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The Great Rose Bowl Hoax of 1961 – Fifty years later

Cal-Tech's Great Rose Bowl Hoax of 1961Fifty years ago, a group of pesky Cal-Tech students hijacked the University of Washington’s halftime “flip-card” stunt in a Rose Bowl prank for the ages.

The Los Angeles Times tells the story of Lyn Hardy, the ringleader behind one of the greatest college football stunts of all time. UW fans on one side of the stadium were given flip cards that were supposed to spell out “WASHINGTON” but instead read “CALTECH.” It’s a marvelous tale, and you can read the full story here.

Hardy, now 69, says he learned how the stunt worked from UW cheerleaders. Upon learning the Husky Marching Band and Cheer Squad were staying at Long Beach State dormitories, Hardy—a Cal-Tech junior at the time—posed as a reporter for the Dorsey High student newspaper and walked right in. When everyone left for dinner, Hardy and another of Cal-Tech’s legendary “Fiendish 14” swiped a card-stunt instruction book and headed back to Pasadena, where they made some 2,400 copies.

Jack Briggs
, Washington’s 1961 student body president, said at the time that the prank was “not in the best of taste.” Fifty years later, though, it’s still a classic.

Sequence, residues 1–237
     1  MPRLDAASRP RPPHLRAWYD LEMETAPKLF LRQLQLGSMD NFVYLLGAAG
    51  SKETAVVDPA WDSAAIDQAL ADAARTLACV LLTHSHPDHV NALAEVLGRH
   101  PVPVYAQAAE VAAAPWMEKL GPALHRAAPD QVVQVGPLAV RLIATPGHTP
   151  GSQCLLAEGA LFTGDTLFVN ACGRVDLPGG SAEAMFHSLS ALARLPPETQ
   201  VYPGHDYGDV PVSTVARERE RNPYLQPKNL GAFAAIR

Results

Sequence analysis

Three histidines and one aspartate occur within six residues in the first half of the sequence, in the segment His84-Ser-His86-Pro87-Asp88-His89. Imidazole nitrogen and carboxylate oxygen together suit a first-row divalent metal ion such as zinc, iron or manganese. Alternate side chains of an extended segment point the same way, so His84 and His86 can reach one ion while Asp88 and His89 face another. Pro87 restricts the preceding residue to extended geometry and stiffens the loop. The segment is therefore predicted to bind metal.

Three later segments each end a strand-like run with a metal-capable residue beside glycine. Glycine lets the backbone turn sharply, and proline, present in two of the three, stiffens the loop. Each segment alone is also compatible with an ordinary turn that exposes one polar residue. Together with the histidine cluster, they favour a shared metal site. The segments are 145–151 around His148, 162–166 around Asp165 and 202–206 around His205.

Of course, Washington beat top-ranked Minnesota that day 17-7.

Enjoy this week’s Dawg Treats:

  • UW alum Nick Handy is departing his post as Washington’s state elections director after leading widely praised reform efforts that have boosted voter turnout.
  • A study by UW researcher Daryl Haggard explores the future of the Milky Way’s central black hole.
  • UW students win $40,000 to help make water safe to drink.
  • Former UW President Mark Emmert, now the head of the NCAA, is profiled in this piece by the New York Times. The story focuses on overseeing integrity and the threat of income in college sports.
  • Here’s a stunning roundup from the Wall Street Journal on the nation’s decline of higher education funding. Clearly, this is not just a Washington state issue.
  • UW Professor of Internal Medicine and Geriatrics William A. Banks was the lead author of an investigation that discovered a blocking hormone that may help people live longer and reverse signs of aging.
  • Sophomore guard and Tacoma native Abdul Gaddy will miss the remainder of the men’s basketball season after tearing his ACL in practice.
  • UW researchers are using Kinect, Microsoft’s motion sensor technology for Xbox, to assist remote surgery systems. Watch the video on
  • UW alum Patricia McKeown has been named president of Bellingham Technical College.
  • E. Gene Smith, an American scholar of Buddhism and UW alum who is credited with saving much of Tibet’s literature from the destruction of China’s Cultural Revolution, died Dec. 30 at the age of 74.
  • UW students Erik Hedberg and Zack Bennet developed a Bluetooth device that converts any text into Braille.

Photo courtesy of Wikimedia Commons.


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